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High Cost of Living May Force Midland Teachers to Seek Another Place to Work

Josh Navarro
NewsWest 9

MIDLAND - It's an issue many are experiencing here in the Basin. The high cost of housing is putting a strain on those who's salaries may not have grown as quickly as the economy and that strain is certainly having an effect on local teachers. Some in Midland may not even return for the next school year because they just can't afford a place to live. NewsWest 9 contacted the Texas Classroom Teachers Association about the dilemma.

"Education is a labor of love. It's a calling," Terrill Littlejohn, President-Elect for the Texas Classroom Teachers Association, said. 

Littlejohn is giving a voice to those educators who may have to pack their bags and find their labor of love in another city.

"Many teachers have found that they can not afford the rent or house notes in this area and they are relocating to other areas where they can afford to live," Littlejohn said. 

Teachers who have been teaching for more than five years are considering looking for positions elsewhere. He says the oil boom may be good for the economy but it's having a trickle-down affect on educators whose salaries cannot compare.

"I'm happy for those people that are in it, and they're making good salaries, but everyone is not in it. So in a way we are being penalized because they are making outrageous or wonderful salaries and the teachers are not," Littlejohn said.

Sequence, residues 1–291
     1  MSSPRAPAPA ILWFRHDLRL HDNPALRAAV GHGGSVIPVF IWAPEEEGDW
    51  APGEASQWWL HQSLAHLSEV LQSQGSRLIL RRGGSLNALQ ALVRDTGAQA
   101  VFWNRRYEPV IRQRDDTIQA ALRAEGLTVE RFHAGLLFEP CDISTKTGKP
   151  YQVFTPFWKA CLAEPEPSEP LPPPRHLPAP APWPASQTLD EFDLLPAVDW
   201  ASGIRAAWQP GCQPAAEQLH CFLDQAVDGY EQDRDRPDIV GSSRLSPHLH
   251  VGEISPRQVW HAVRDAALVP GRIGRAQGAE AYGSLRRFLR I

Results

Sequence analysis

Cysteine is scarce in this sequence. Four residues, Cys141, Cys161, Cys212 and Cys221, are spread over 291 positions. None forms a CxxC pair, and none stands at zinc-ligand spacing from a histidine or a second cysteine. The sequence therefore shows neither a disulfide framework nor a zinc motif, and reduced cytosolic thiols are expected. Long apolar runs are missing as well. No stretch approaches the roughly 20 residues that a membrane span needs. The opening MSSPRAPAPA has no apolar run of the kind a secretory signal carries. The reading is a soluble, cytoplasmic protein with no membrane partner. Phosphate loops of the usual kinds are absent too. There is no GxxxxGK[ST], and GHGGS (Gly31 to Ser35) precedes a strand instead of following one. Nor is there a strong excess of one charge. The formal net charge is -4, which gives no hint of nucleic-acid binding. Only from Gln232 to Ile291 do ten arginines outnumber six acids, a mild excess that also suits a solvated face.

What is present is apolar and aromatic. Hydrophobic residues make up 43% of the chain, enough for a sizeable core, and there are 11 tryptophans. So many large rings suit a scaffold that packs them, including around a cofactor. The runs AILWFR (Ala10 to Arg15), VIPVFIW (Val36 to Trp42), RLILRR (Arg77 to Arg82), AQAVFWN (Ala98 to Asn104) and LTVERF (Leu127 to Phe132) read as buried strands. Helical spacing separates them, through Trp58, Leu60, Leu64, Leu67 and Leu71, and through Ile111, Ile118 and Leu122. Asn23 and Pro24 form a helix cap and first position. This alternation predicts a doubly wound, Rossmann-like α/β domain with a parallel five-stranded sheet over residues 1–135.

Littlejohn says the teachers who are being directly impacted are those in a single family or single income household. Another challenge is replacing those teachers who leave with other educators.

"If a teacher can not find a place to live when they come and interview, they're not going to give Midland a second thought. I just spoke to a young lady yesterday who is a teacher, this is her fourth year teaching and she starting to look elsewhere because she got notification last month that June first her rent is going up $600, not a year, $600 per month and she cant afford it," Littlejohn said. 

According to Littlejohn, apartment owners should set aside 10% of their apartments for teachers and keep them at a rate teachers can afford. That way schools can keep a solid base of teachers in Midland. He also says they plan to bring the issue up to the school board soon.

As far as how students would be impacted, there may be an increase in the number of students per classroom. Littlejohn says it's not the best solution but it's a solution. He says that teachers in Midland who are facing that dilemma still have their full focus on their students while they're in the classroom. 
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